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Building a European Data Economy

On 10 January 2017, the European Commission issued a Communication concerning the building of a European data economy. The Communication is revolutionary in several aspects. For the first time a legislative body addresses questions of data ownership and data access.

Public data have already been discussed and regulated for quite a while, especially with the Directive on the re-use of public sector information. With the Communication, the impact of big data and “Industry 4.0” (cyber-physical systems in industrial production) has finally led to new legislative concepts concerning private data. Previously, this had only been debated within the realm of data protection. Whether personal data could be used as contractual consideration for services is one of the topics that have already been addressed by the European Commission in the proposal for a Directive on certain aspects concerning contracts for the supply of digital content. The recent Communication focuses on machine-generated non-personal data defined as “data created without the direct intervention of a human by computer processes, applications or services, or by sensors processing information received from equipment, software or machinery, whether virtual or real”.

The question “who owns the data?” which used to be a merely academic topic is answered in a novel way. As one of several “possibilities for addressing the issue of access to machine-generated data” the Communication proposes a “data producer’s right”. Such a right would encompass the use of non-personal raw data, especially for big data analyses. The transferable right would originally be granted to the data producer defined as the “owner or long-term user of a device”. In an accompanying questionnaire data producers are also defined as “persons or entities that operate sensor-equipped machines, tools or devices at their own economic risk”. The underlying rationale – to allocate benefits and risks of operating smart devices in parallel – is underlined by the fact that the Communication also addresses liability issues. It should be noted that many commentators are concerned about the introduction of such a new right, especially due to possible undesired economic effects. Nevertheless, the proposed right clearly gives new impulses to the area of IP rights. A promising alternative is the introduction of a non-exclusive property right which could also be attributed to the data producer.

Default contract rules are explicitly mentioned as another (ideally accompanying) measure. Such rules could provide a “benchmark balanced solution for contracts relating to data”. Moreover, the Communication considers a broadening of the existing unfair terms control by introducing an unfairness control in business-to-business contracts. This approach, being the object of hot debates, could create the level playing field and the legal certainty demanded by the German industry.

Almost revolutionary, the Communication also proposes access rights against remuneration. Currently only available as a competition law remedy (and only discussed in theory) such access rights might be granted on a FRAND basis (modelled on competition law) and introduced as a horizontal or as sector-specific measures. Where data monopolies lead to inefficient data use, such rights might be a powerful instrument. Access rights can (and should) be combined with other proposed measures like the data producer’s right. Most likely, sector-specific rules will be the way forward, e.g. for connected cars and automated driving.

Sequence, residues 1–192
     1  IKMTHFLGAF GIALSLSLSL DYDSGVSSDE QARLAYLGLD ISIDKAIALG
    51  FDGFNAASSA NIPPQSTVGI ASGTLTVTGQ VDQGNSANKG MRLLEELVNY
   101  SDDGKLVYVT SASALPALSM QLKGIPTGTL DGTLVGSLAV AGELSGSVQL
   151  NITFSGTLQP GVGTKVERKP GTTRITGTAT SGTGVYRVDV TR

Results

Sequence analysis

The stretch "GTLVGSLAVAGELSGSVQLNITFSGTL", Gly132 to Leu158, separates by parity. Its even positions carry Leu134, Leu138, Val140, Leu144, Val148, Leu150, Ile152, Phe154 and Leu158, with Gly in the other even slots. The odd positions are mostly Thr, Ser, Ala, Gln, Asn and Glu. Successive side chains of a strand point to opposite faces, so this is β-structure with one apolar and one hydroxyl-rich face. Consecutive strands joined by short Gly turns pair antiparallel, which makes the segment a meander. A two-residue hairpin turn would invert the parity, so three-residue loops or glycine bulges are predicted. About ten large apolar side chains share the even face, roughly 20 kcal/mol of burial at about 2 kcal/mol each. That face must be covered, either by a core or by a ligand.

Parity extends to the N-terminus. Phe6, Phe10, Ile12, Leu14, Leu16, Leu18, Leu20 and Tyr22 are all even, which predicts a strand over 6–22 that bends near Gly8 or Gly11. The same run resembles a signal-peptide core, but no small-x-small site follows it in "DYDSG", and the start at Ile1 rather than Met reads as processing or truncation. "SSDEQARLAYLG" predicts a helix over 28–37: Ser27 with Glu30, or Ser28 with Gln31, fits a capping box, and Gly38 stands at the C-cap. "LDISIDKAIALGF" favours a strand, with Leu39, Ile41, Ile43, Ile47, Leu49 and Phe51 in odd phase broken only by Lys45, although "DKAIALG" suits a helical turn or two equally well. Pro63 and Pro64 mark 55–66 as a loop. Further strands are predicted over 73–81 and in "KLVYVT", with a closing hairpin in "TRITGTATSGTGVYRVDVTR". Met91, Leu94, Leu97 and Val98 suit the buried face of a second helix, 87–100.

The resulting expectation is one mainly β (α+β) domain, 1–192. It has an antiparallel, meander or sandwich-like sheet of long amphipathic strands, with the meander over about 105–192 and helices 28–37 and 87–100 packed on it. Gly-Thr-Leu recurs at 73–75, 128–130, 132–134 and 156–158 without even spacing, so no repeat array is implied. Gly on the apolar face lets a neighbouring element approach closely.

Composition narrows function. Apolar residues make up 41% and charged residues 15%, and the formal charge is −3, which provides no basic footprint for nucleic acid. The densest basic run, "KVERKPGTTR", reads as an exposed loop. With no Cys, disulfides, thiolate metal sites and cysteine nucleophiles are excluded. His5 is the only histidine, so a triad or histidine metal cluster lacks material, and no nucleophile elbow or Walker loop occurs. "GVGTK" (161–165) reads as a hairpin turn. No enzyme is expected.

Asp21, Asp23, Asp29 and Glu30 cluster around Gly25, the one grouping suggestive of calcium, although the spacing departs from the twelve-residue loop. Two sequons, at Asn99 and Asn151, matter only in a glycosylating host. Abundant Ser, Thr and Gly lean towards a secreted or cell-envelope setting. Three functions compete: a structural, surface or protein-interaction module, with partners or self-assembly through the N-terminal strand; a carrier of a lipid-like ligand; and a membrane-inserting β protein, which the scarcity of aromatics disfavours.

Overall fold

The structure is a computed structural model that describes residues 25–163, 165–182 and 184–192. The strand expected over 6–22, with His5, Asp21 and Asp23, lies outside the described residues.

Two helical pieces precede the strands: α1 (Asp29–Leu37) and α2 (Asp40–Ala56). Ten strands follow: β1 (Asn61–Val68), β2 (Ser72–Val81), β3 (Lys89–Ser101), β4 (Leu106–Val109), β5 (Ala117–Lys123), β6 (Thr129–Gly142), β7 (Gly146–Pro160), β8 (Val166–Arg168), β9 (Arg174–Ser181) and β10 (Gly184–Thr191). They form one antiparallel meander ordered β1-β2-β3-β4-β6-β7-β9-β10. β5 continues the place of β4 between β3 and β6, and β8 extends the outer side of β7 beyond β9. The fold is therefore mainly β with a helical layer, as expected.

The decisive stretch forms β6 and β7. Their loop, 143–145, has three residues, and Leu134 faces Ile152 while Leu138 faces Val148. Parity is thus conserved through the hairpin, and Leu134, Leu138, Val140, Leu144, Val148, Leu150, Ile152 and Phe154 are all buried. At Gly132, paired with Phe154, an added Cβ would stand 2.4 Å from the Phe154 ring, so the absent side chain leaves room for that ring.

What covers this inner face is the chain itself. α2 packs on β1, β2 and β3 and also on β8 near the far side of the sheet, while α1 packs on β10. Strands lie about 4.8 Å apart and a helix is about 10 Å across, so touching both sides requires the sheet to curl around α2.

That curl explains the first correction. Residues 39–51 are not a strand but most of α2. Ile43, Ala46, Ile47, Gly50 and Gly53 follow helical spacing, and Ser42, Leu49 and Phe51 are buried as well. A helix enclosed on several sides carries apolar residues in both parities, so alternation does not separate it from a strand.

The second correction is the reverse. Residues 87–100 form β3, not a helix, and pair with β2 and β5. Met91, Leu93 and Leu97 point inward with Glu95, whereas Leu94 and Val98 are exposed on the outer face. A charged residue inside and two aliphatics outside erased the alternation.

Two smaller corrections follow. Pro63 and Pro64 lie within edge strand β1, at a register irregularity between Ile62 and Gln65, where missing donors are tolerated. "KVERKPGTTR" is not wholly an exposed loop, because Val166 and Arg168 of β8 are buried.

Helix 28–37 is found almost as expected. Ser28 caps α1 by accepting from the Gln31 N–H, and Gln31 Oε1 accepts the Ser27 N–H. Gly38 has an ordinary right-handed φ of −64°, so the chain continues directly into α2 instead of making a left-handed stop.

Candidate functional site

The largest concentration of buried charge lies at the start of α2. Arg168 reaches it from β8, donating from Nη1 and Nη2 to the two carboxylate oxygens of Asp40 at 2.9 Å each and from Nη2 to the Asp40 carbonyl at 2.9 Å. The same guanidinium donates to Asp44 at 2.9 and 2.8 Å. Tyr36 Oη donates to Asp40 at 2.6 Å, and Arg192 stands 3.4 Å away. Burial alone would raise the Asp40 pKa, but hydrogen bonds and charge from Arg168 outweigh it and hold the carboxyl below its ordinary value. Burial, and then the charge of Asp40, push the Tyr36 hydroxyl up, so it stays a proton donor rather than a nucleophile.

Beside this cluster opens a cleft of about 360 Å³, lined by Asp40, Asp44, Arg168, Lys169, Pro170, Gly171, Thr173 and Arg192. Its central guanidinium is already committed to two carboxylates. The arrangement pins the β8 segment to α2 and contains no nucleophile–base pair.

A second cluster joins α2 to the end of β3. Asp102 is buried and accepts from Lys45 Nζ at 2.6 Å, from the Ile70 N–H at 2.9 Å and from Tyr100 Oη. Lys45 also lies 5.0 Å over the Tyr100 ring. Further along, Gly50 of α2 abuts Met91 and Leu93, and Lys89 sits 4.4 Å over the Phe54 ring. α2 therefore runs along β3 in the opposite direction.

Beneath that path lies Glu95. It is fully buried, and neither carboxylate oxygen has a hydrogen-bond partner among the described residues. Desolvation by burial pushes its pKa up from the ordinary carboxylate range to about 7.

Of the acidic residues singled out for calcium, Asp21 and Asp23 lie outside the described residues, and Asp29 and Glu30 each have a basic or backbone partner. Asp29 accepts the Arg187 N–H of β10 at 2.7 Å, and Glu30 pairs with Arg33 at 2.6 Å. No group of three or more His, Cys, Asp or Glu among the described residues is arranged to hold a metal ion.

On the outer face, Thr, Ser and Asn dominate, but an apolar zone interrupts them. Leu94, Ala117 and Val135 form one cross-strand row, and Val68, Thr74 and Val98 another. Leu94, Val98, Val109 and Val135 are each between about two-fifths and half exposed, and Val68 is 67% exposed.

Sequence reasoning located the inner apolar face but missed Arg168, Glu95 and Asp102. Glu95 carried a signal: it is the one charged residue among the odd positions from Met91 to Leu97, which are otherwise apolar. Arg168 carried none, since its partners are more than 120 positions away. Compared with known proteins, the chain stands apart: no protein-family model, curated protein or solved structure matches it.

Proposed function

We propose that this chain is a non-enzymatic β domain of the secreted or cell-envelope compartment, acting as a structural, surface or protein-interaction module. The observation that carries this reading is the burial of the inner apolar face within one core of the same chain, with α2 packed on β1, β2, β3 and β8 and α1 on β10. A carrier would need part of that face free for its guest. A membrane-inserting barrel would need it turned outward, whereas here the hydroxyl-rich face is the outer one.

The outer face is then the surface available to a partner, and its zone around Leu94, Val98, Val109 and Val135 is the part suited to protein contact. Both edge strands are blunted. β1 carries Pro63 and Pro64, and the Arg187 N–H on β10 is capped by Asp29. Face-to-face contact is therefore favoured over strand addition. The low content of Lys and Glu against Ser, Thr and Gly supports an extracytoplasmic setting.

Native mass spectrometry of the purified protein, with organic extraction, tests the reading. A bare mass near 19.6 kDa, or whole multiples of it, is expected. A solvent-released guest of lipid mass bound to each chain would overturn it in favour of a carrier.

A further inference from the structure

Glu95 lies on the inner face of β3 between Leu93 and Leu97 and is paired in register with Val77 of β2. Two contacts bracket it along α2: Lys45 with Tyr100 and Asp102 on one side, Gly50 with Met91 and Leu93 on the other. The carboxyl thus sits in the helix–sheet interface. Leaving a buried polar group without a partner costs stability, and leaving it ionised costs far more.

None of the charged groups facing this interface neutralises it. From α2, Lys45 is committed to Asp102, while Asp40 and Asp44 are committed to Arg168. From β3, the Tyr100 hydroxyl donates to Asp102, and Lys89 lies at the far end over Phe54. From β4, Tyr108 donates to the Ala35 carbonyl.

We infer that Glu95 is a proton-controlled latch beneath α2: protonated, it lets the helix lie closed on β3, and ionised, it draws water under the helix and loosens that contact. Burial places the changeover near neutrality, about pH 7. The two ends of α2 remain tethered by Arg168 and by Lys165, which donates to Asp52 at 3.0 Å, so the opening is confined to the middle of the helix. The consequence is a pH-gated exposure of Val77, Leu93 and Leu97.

The Communication addresses even more ideas about data and data technology. Beside measures against localization restrictions, technical guidelines and access for public bodies, very remarkably, liability questions are also discussed. The Commission obviously sees a clear connection between data access and liability (or benefit and risk allocation, as already mentioned). Emerging technologies such as the Internet of Things and highly automated systems (especially self-driving vehicles which arguably will be the first large scale “test case”) might require novel liability rules. Although it is not the data use which creates risks for body or property (but, possibly, for privacy), it is the data-generating machine that does. Emerging information technology will create new risks. Connectivity will probably lead to problems in determining causality and responsibility. The Communication rightly states that the provision of certainty to both users and manufacturers is of central importance.

It will be interesting to see how the future discussion about machine-generated data relates to data protection. From an academic perspective there is no reason to restrict the proposed measures to non-personal data. However, the resulting overlaps of different legal regimes might be overly complicated from a practical perspective. The interplay between data protection and legal rules for machine-generated data will be an important issue for further discussion. An interesting concept that bridges the two underlying concepts is the recently proposed right to non-data collecting products. It might help with creating a fair balance between data privacy and data economy.

All in all, the Communication is a remarkable paper. It proposes several novel ideas for data regulation and will also influence the academic discussion. With its extensive accompanying staff working document, it also provides valuable information on the current debate. Europe clearly drives the discussion about data governance.

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Correspondence to Herbert Zech.

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Zech, H. Building a European Data Economy. IIC 48, 501–503 (2017).

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